At the beginning of the clip, which takes up just over a minute of screen time, Feinberg – 37 years old, and two weeks away from death – takes a snapshot of the room with a disposable camera.
In the documentary, this clip is followed with the text, “By December 1993, AIDS had killed more than 234,000 people in the U.S.” Including, of course, David Feinberg.
It’s like Nora Ephron if she were a significantly less wealthy gay man, and if every other character was dying from AIDS. After a while, Feinberg became a sort of rage-specter, floating just behind my shoulder for the duration of a hot and suffocating fall.
About a month later, I encountered Feinberg again; this time in Sarah Schulman’s 2012 book The Gentrification of the Mind, a memoir and critical text about New York in the 1980s, the history of LGBTQ rights movements, and AIDS. Here, Feinberg is introduced as “The guy who was so creepy to his friends that when he died they were all mad at him and never got over it.” Schulman’s passage on Feinberg argues that his relentless cynicism was a form of blindness, a way of allowing himself to feel angry about his diagnosis while ignoring those around him.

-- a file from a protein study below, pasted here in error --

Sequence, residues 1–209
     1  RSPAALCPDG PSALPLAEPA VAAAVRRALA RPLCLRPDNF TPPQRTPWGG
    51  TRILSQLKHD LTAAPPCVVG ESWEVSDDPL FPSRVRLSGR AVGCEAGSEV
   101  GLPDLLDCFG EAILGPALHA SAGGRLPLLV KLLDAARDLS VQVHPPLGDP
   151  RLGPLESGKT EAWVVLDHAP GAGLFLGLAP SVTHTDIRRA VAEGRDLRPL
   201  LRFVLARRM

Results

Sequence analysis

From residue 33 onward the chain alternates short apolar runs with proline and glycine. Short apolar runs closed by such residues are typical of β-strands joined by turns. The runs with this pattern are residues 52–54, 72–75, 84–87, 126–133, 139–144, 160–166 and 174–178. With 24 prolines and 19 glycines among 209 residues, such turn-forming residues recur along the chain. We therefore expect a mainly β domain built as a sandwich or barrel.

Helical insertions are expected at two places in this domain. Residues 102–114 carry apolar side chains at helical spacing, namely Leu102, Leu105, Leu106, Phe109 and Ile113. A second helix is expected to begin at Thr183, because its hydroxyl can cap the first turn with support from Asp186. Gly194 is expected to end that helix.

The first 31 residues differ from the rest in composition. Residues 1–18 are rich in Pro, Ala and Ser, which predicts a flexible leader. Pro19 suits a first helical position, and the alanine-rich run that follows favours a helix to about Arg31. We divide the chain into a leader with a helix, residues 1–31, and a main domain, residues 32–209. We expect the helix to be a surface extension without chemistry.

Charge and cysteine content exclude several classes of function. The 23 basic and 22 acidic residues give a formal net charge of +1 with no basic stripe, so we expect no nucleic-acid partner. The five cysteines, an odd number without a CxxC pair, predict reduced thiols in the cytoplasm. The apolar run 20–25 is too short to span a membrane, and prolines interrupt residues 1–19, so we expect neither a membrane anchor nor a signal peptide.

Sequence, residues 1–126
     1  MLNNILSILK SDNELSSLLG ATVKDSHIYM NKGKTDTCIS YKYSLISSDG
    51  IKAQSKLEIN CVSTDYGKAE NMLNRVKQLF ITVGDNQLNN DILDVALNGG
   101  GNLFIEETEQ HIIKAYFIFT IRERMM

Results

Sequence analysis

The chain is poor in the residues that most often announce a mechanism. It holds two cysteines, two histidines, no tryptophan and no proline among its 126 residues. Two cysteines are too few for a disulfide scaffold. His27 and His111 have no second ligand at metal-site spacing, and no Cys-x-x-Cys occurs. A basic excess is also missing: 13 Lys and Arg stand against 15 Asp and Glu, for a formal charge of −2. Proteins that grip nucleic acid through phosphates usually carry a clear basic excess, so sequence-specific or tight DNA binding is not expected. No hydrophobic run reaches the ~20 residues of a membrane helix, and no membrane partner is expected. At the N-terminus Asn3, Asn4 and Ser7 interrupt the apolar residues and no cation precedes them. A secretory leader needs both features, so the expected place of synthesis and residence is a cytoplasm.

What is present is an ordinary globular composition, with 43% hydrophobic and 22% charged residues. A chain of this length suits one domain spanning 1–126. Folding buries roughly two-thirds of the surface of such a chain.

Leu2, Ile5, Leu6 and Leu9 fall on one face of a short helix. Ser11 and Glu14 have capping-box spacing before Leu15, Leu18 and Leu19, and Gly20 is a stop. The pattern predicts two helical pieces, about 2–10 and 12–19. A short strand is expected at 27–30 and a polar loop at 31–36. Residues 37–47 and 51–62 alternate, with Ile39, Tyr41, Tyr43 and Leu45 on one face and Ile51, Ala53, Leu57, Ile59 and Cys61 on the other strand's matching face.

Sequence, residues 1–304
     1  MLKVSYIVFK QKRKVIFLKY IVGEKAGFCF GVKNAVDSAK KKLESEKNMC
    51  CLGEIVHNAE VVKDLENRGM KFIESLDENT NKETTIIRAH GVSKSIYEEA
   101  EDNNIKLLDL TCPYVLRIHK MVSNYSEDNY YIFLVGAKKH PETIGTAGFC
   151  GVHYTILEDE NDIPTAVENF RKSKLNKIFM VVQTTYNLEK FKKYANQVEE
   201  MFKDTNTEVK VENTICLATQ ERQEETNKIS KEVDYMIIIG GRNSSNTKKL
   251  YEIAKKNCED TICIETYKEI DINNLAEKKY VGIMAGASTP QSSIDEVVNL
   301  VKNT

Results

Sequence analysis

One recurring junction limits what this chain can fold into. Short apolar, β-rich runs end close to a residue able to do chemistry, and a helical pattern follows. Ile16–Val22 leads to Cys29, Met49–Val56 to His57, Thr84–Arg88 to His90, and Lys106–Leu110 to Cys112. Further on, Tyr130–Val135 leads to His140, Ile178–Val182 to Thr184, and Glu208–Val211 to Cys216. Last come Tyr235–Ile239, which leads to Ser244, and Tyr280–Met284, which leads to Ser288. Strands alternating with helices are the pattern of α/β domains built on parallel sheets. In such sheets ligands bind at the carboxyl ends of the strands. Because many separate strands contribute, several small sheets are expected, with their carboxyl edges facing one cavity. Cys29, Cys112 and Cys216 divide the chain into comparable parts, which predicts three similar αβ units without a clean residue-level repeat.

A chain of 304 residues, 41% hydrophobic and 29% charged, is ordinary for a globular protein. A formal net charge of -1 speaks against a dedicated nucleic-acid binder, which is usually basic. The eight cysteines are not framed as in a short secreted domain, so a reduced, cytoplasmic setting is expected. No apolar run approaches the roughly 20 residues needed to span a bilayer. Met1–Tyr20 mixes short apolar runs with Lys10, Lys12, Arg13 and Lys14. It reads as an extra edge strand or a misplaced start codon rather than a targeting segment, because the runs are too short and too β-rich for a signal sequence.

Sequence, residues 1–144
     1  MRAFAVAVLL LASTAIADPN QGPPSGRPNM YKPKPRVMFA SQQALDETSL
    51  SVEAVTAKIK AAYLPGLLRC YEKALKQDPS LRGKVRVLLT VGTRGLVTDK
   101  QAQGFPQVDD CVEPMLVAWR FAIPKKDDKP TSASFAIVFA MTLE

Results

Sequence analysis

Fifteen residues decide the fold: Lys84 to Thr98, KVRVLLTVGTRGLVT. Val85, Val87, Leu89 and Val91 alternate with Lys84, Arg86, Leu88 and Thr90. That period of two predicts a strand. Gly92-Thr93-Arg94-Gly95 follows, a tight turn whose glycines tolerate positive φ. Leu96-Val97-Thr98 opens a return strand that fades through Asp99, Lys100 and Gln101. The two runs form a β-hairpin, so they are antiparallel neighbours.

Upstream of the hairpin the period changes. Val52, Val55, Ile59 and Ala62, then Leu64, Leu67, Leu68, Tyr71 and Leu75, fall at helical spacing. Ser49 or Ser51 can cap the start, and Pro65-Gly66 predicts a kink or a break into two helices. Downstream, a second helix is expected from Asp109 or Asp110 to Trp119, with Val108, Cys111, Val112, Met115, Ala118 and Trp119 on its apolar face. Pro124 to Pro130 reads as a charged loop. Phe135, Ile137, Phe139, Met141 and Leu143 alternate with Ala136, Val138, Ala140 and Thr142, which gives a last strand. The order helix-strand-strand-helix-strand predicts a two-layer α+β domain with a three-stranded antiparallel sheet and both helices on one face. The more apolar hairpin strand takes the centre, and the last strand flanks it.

Schulman writes about Feinberg in the context of the many, many people wiped from history by AIDS, people who, because they did not have traditional families and networks, were more transient by nature.
I’ll never know how much of Feinberg’s rage was arch, how much was art, and how much was just the result of an obstinate and unpleasant personality.
I think about the way the clip of Feinberg’s ACT UP is used to demonstrate the stakes of ACT UP’s work – to justify Kramer’s obstinacy and willingness to piss people off, and remember that David Feinberg died anyway.

The orginal article.